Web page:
—Rashad Mobley (@Rashad20)

Council Members: Washington Wizards DC Council

Rating five Wizards starters & two key subs on a three-star scale.

John Wall
Derecho (noun) – a straight wind without apparent cyclonic tendency, usually accompanied with rain and often destructive. This little piece of verbiage from Comcast’s Steve Buckhantz came out of nowhere. He used it (twice) to describe some fancy, and impressive, moves from John Wall. Which is absurd, of course, because we all know that derechos only occur once every four years in the D.C. area. Wall had an excellent game overall (16 points on 7-for-11 shooting, five rebounds, six assists, one block, and only two turnovers), especially compared with his last few outings. He also outplayed Sixers All-Star Jrue Holiday, who took 17 shots, but only made four.On the season, when using more than 20 seconds of a shot clock in clutch situations (last five minutes of the game, with neither team up more than five), Wall has struggled. He’s producing only 0.2 points per this type of possession, with an eFG% of just 17 percent (via 82games.com). One might say he was due for a big shot. With the game on the line against the Sixers, and Bradley Beal in the locker room, it was Wall that stepped up to snatch victory from the jaws of defeat. He scored the last six points of the game for Washington: two jumpers, two free throws, and a key block on an Evan Turner bunny shot, all within the final 1:32 of the contest.

After the game, Trevor Ariza had this to say about Wall’s late-game performance:

“Wall made some really big plays. When he got the ball, went down the court, drew a foul, got to the free throw line and then made a jumper was big—especially because a couple of weeks before he would have probably tried to get to the basket rather than shooting. And I think that just shows how he’s growing up throughout the year and the steps that he is taking to become a better player.”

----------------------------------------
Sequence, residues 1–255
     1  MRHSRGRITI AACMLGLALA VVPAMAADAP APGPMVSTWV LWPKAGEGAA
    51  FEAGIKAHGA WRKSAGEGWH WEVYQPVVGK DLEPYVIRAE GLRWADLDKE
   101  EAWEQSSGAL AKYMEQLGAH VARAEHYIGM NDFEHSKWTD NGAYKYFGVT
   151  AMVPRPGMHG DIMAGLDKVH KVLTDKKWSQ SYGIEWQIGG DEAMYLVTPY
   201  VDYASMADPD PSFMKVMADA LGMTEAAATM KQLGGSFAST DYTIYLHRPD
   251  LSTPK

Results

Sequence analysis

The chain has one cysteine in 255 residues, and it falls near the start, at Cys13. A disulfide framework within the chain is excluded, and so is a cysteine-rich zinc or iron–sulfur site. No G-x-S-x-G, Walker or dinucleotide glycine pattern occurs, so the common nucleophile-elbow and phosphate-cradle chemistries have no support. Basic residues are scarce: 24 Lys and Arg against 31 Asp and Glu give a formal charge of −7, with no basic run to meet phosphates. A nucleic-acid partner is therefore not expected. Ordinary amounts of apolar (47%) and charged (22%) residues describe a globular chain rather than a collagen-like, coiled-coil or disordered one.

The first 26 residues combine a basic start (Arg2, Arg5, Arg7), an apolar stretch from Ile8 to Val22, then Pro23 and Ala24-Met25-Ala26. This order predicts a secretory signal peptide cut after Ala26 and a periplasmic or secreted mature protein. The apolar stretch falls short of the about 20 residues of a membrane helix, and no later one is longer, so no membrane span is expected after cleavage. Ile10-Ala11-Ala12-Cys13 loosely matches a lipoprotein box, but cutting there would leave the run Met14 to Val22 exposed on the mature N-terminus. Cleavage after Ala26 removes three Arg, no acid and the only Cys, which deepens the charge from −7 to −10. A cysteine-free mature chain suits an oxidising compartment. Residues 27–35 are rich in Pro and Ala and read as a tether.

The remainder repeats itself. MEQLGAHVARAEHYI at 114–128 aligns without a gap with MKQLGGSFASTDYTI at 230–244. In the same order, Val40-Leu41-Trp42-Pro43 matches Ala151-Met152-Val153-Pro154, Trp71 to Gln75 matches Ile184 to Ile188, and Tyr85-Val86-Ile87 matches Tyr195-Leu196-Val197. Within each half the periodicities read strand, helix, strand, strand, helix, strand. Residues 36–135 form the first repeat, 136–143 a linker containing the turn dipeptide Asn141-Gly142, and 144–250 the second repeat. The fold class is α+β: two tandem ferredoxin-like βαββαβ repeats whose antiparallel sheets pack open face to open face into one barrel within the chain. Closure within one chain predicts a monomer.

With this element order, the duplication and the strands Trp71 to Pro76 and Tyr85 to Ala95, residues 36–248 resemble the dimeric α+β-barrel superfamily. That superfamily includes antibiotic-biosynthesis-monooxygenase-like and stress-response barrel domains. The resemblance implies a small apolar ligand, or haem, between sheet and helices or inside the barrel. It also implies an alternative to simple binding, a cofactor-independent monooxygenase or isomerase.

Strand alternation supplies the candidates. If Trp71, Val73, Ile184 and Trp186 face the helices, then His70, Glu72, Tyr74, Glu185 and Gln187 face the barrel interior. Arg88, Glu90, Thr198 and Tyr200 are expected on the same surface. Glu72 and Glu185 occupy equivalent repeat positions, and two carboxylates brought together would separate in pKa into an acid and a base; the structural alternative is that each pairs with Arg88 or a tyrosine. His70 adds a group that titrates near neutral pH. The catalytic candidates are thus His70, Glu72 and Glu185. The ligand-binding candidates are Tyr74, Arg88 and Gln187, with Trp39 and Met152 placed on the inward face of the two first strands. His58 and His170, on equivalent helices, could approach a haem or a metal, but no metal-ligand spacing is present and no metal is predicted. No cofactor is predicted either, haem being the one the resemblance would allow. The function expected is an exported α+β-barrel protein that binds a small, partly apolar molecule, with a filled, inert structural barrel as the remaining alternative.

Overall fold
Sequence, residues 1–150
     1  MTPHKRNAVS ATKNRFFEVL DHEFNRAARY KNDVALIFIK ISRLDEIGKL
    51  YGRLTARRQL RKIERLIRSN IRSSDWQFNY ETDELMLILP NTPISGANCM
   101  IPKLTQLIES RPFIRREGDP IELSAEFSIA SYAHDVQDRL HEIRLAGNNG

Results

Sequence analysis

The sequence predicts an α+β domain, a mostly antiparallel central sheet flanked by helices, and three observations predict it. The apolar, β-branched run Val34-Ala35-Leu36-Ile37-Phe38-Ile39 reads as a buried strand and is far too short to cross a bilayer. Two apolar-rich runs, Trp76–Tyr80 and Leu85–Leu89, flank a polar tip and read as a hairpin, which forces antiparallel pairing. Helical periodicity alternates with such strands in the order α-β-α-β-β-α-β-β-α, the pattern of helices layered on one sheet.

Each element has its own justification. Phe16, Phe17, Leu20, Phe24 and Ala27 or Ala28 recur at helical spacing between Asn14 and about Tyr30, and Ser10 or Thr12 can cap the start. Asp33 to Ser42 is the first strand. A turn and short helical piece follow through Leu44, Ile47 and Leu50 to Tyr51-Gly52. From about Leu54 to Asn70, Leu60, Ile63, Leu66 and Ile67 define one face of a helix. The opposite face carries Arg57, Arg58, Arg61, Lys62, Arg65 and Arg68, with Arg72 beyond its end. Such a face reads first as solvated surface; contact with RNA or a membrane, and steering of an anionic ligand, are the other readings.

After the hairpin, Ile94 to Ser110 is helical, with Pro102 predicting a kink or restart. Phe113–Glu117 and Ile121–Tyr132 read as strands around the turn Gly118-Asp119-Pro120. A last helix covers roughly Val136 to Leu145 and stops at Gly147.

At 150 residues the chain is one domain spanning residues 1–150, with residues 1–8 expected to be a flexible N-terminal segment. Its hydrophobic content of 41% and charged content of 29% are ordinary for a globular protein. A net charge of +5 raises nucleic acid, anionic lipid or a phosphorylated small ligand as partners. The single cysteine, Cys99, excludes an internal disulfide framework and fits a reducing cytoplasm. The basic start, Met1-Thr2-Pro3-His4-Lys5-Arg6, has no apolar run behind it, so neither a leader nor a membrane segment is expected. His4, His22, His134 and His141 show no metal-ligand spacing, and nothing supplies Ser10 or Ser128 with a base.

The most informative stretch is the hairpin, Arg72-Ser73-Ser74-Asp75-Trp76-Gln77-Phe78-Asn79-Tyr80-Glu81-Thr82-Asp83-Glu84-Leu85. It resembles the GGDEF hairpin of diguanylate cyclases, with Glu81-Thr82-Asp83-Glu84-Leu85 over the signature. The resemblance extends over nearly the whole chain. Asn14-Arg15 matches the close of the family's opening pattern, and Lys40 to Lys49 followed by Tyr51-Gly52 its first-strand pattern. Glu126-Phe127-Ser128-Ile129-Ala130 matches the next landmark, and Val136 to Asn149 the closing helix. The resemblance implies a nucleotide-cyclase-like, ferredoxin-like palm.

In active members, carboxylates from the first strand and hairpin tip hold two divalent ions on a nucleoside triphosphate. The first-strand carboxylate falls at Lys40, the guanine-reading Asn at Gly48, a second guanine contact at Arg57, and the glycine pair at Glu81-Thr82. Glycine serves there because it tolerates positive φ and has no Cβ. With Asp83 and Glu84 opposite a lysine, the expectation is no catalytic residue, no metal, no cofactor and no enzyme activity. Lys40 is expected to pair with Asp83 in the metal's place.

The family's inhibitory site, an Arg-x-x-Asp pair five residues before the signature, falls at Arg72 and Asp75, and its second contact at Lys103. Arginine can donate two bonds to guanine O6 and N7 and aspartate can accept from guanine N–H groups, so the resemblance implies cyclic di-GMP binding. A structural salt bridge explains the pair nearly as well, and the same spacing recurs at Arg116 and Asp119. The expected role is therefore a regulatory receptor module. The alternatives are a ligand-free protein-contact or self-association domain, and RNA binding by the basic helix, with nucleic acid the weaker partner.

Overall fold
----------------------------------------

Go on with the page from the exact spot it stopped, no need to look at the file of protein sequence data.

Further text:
—Conor Dirks (@ConorDDirks)

3 out of 3 stars

Bradley Beal
Bradley Beal turned in another solid game, where he displayed even more confidence than seen before, and then ultimately succumbed to a rolled ankle. The solid came via 14 points on an efficient 6-for-12 shooting (2-for-3 on 3-pointers), four rebounds, three assists, two blocks, and three turnovers. The confidence came via a mini-show-down with veteran Damien Wilkins. Beal shook Wilkins with dribbles and a long leash from his coach, and even once popped a Jordan Crawford-esque 3 from 32 feet right before the shot clock buzzer. Now, that rolled ankle… Everyone is glad that it’s not worse (a knee), but San Antonio’s Tony Parker recently sprained his ankle, and he’s going to be out for around four weeks. Not all ankle sprains are the same, but don’t be surprised if Beal has to miss a couple weeks. He’s taken so many spills this season, he could probably use the rest.